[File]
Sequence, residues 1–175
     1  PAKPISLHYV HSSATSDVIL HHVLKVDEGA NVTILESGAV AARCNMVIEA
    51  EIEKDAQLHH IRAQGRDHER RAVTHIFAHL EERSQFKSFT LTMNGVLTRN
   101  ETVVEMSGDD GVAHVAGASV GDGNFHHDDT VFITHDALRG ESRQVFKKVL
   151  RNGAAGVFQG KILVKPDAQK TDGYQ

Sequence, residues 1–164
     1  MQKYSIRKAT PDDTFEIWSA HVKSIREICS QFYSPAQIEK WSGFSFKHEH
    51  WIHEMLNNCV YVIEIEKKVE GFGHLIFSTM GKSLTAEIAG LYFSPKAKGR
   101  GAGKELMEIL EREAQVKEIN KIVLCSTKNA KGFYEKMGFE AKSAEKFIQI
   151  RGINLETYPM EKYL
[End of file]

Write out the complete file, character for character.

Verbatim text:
Sequence, residues 1–175
     1  PAKPISLHYV HSSATSDVIL HHVLKVDEGA NVTILESGAV AARCNMVIEA
    51  EIEKDAQLHH IRAQGRDHER RAVTHIFAHL EERSQFKSFT LTMNGVLTRN
   101  ETVVEMSGDD GVAHVAGASV GDGNFHHDDT VFITHDALRG ESRQVFKKVL
   151  RNGAAGVFQG KILVKPDAQK TDGYQ

Sequence, residues 1–164
     1  MQKYSIRKAT PDDTFEIWSA HVKSIREICS QFYSPAQIEK WSGFSFKHEH
    51  WIHEMLNNCV YVIEIEKKVE GFGHLIFSTM GKSLTAEIAG LYFSPKAKGR
   101  GAGKELMEIL EREAQVKEIN KIVLCSTKNA KGFYEKMGFE AKSAEKFIQI
   151  RGINLETYPM EKYL